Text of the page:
Elise Miller, MEd
Malcolm Gladwell describes the difference between a puzzle and a mystery in one of his essays entitled “Open Secrets” from his recent book What the Dog Saw. He suggests that when you’re trying to work out a puzzle, you simply need to collect more information in order to uncover what is hidden or obscured—and thus solve the puzzle. Figuring out a mystery, however, is more complex. Often more information is not useful, and even counterproductive, because it muddies the waters, according to Gladwell. Instead, what is often needed is a better, smarter analysis of information already available and the ability to take effective action based on that analysis. Gladwell uses examples such as Enron, World War II, Watergate and Al Qaeda to demonstrate how puzzles and mysteries are distinct and therefore need different responses.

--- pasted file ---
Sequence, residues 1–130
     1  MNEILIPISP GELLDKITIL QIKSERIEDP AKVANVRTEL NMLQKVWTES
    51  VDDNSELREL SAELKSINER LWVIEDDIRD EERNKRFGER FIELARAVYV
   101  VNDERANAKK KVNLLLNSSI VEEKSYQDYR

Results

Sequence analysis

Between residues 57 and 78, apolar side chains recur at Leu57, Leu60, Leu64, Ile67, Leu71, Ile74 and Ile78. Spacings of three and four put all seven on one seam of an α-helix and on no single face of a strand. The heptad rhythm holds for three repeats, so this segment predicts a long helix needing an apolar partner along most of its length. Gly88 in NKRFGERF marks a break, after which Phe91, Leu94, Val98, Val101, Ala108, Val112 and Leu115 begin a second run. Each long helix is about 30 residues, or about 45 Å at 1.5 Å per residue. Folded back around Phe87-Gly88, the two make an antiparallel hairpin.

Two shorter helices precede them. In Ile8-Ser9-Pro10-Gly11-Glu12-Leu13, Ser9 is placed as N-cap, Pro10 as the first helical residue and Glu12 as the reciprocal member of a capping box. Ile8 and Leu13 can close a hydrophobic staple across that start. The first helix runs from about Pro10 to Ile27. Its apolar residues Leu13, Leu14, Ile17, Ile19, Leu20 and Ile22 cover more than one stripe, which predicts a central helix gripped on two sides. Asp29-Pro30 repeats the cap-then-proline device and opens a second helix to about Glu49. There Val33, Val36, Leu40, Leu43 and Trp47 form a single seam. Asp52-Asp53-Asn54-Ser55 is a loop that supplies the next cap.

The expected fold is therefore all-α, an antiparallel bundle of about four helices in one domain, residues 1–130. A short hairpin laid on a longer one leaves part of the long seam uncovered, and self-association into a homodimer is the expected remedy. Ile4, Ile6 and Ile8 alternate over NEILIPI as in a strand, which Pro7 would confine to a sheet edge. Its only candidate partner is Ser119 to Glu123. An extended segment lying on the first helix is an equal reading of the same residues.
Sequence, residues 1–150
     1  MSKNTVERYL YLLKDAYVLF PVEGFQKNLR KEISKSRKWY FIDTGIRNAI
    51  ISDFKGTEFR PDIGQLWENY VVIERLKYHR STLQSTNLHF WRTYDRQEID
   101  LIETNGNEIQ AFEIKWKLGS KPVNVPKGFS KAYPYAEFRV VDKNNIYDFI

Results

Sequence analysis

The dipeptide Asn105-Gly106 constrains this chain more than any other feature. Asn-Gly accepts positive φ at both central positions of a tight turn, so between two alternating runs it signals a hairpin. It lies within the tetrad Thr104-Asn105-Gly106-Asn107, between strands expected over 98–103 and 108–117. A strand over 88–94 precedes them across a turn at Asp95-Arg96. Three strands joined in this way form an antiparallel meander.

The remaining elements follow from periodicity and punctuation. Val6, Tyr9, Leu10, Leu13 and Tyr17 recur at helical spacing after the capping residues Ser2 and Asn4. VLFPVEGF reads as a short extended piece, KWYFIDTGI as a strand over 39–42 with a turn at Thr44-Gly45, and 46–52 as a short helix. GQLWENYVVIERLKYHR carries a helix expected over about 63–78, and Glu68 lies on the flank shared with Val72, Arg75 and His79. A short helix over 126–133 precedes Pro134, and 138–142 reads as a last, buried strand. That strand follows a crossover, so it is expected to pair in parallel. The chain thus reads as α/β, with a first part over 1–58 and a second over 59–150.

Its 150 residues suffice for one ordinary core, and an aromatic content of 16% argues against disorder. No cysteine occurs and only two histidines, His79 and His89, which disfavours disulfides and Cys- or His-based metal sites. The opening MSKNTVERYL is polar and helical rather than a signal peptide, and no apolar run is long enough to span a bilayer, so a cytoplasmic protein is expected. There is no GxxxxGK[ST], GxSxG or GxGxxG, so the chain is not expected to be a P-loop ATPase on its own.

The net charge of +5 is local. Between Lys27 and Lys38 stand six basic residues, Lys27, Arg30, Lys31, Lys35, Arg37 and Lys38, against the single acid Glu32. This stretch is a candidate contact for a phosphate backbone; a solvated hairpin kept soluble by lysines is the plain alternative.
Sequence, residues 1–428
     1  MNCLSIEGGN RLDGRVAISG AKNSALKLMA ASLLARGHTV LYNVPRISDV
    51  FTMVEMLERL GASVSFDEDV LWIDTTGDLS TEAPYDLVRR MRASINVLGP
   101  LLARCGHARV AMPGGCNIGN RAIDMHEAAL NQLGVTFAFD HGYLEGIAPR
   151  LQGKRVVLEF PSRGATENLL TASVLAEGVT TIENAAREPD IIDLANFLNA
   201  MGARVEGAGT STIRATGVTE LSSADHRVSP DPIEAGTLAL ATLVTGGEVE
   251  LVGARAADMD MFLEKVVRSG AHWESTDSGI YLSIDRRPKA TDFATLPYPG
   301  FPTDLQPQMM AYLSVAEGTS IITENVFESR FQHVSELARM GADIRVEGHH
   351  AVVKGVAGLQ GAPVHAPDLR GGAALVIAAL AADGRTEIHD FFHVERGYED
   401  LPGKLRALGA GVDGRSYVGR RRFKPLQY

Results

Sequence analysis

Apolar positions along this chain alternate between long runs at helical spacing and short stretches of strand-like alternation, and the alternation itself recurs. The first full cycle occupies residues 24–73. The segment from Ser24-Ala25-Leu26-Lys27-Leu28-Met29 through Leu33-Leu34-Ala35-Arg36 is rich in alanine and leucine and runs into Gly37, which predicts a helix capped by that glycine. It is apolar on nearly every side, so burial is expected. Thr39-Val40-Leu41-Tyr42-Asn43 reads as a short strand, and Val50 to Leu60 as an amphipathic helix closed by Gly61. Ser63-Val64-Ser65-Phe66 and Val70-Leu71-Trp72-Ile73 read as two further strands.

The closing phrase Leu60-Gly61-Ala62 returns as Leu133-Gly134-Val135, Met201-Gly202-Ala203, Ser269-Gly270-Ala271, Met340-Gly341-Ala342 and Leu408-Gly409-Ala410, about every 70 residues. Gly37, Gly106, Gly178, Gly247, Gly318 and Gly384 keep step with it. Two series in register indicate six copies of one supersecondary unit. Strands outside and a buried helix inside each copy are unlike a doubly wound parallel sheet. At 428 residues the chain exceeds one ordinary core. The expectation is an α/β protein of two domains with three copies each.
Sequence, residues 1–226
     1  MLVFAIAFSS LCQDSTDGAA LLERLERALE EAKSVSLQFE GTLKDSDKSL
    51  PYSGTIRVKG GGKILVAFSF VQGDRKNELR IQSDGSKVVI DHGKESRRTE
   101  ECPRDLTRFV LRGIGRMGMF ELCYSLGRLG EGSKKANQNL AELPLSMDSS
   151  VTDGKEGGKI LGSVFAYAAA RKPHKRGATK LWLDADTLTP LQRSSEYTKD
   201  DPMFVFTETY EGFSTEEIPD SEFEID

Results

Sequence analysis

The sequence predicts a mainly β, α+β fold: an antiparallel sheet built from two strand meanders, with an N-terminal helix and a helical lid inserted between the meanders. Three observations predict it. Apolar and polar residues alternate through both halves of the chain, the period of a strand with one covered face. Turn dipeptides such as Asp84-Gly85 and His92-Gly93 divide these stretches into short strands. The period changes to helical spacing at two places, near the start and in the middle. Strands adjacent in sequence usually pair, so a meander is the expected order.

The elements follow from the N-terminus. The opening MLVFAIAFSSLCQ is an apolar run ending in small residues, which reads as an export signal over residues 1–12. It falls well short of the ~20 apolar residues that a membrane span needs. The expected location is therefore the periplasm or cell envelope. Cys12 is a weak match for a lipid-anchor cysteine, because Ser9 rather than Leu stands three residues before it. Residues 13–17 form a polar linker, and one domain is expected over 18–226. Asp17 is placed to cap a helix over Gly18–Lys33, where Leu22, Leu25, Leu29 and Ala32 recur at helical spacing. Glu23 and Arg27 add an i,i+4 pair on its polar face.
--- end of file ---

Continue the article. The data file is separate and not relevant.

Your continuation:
I think this distinction is useful to apply to the environmental health field as well. Over the years, many of us (including yours truly) have viewed environmental health related concerns as puzzles to figure out. By this, I mean we have sought more information—more facts, graphs, methodologies, and so forth, believing that if we could just bring more data to light, we would solve the puzzle and improve public health. This method has worked to a certain point. For example, with increasingly sophisticated scientific tools over the last century, what were considered “safe” thresholds of exposures to lead and mercury have dropped and dropped to the point where many researchers think that any exposure to these heavy metals can have some negative impact on neurodevelopment.